Sunday Night, Biloxi, Miss.--I am working my way through a king cake with great gusto. And the really cool thing is that I don't have to be careful to avoid the plastic baby Jesus.
Baby Jesus, it seems, has posed a swallowing, or choking, threat to the more careless Mardi Gras eaters and has therefore been carefully and thoughtfully placed in the middle, the "hole," of the king cake. According to the note in my bakery box, it is up to the host to insert the plastic baby Jesus before serving. But seeing as how I am flying solo with this king cake and there's no "host" in sight, I'll just let him lie in his little doily manger in the middle. Peacefully. A good souvenir for the kids.
The history of the plastic baby Jesus is cloudy. But I did find this ...
According to www.holidays.net: As part of the celebration of Mardi Gras, it is traditional to bake an oval cake in honor of the three kings - the King Cake. The shape of a King Cake symbolizes the unity of faiths. Each cake is decorated in the traditional Mardi Gras colors: purple represents justice, green represents faith and gold represents power. A small baby, symbolizing the baby Jesus, is baked into each cake. In New Orleans, King Cake parties are held throughout the Mardi Gras season. In offices, classrooms, and homes throughout the city, King Cakes are sliced and enjoyed by all. Like the biblical story, the "search for the baby" adds excitement, as each person waits to see in whose slice of cake the baby will be discovered. While custom holds that the person who finds the baby in their slice will be rewarded with good luck, that person is also traditionally responsible for bringing the King Cake to the next party or gathering.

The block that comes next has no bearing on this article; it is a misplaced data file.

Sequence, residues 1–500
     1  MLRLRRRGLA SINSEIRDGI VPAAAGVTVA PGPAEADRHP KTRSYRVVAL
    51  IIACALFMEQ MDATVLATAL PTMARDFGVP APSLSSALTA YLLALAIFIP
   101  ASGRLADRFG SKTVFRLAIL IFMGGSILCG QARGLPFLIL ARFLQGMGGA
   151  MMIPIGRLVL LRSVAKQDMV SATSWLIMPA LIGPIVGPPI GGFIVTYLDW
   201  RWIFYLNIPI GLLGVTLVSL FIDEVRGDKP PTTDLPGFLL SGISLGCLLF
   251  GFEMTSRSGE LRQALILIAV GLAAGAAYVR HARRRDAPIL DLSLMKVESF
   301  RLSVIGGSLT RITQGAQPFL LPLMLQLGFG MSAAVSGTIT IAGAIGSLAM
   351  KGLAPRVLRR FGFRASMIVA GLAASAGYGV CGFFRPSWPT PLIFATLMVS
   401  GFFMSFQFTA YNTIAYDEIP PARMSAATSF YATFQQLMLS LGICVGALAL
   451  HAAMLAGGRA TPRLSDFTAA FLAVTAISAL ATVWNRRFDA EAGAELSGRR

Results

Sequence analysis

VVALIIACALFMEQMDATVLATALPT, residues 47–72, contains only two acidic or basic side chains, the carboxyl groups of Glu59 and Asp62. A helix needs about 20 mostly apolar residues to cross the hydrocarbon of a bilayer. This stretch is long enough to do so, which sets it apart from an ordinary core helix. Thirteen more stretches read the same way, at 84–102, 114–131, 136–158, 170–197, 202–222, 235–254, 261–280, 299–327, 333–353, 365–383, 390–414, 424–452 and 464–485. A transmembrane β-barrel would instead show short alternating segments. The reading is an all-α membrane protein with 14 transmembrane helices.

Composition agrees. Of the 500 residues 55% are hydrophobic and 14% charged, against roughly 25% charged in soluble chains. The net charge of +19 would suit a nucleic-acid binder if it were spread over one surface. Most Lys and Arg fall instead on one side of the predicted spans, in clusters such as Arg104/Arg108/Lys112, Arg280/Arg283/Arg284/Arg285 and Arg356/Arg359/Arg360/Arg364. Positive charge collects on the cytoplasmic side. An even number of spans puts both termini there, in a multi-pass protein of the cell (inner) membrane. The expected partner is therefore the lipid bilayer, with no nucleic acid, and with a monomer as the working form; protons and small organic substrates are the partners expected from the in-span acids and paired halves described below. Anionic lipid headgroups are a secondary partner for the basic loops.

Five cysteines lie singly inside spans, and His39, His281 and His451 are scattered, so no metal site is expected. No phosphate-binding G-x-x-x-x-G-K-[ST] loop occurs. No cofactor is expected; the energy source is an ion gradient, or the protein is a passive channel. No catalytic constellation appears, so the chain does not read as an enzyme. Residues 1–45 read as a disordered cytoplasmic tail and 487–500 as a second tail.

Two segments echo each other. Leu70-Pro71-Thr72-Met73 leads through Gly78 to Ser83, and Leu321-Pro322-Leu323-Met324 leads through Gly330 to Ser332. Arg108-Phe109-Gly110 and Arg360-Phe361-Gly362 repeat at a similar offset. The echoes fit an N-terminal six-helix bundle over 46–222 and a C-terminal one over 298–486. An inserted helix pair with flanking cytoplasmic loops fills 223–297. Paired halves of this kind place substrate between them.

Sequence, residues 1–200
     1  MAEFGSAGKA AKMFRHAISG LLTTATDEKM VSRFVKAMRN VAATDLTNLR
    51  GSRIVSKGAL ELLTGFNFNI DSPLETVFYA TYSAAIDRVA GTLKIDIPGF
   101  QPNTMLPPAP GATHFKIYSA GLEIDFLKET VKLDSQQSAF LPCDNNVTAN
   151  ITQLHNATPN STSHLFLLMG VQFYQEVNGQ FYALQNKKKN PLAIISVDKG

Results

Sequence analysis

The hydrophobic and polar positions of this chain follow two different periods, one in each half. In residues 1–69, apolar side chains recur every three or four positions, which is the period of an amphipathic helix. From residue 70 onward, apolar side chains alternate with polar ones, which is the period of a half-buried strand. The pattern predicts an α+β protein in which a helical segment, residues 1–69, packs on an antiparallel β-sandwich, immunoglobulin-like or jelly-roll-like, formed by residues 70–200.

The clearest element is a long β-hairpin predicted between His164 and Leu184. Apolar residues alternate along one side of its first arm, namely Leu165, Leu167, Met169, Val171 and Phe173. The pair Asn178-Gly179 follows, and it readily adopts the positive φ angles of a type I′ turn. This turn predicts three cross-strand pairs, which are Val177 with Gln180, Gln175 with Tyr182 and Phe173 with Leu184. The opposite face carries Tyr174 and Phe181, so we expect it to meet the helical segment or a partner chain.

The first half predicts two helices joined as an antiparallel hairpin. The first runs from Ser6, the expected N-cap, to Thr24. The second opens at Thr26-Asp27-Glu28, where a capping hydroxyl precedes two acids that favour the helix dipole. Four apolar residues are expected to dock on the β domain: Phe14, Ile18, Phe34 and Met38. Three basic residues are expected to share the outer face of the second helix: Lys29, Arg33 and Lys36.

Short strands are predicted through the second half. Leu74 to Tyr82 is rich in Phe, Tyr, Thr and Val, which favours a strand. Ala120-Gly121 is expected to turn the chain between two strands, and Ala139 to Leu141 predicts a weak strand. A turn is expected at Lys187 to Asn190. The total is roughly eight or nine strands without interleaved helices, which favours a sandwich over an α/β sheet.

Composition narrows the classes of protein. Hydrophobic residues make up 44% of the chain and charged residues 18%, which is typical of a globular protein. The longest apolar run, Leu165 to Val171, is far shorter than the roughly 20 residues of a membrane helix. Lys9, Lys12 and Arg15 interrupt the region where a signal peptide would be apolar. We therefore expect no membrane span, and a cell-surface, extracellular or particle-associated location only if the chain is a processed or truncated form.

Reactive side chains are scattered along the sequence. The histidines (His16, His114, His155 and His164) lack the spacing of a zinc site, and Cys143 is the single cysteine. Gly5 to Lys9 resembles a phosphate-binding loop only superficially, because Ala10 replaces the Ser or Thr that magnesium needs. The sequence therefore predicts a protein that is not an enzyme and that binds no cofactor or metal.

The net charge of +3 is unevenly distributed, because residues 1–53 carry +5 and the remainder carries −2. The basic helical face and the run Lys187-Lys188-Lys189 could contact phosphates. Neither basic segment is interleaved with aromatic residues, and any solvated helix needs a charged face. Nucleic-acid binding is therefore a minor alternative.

While Mardi Gras lore varies between the plastic baby being just a plastic baby or a more regal and noble plastic baby Jesus, you might be interested to know that it has even been a bean. A red bean is still used in place of a plastic baby in some parts of Europe, and I learned just today that in the States, the bean gained major popularity during the Depression. As the story goes, beans were cheap; plastic baby Jesuses, apparently, were not. So the bean played the part of the hidden treasure.
But there's a darker, more sinister side to the bean. As king cake rules go, the person who is served the piece of cake containing the plastic baby is responsible for making and serving the next year's king cake and maybe even hosting the entire Mardi Gras party. During the Depression, money was scarce, times were uncertain. So the sneaky king cake eater who found herself/himself with the bean would just quietly eat the bean. And why not? It was just a bean. And who wants to commit to hosting a dinner party one year in advance?
I imagine the dinner party would take a turn when the host looked at all the empty plates and wondered aloud, "Where's the bean? Who ate the bean? I know I put it in the cake. Who's hiding the BEAN?!" And then the Depression finally ended, and we returned to our conspicuous consumption and the plastic baby Jesus.
And now, times are tough yet again. People want to eat the cake, but they may not be so gung-ho about planning next year's party and making a cake. So, you see, eating this cake alone has its benefits. I don't have to share, I have nothing to hide, and I don't have to make any long-term commitments.
I'm not ashamed or embarrassed or marking up my 2010 calendar. Jesus is here, and He says He has my back.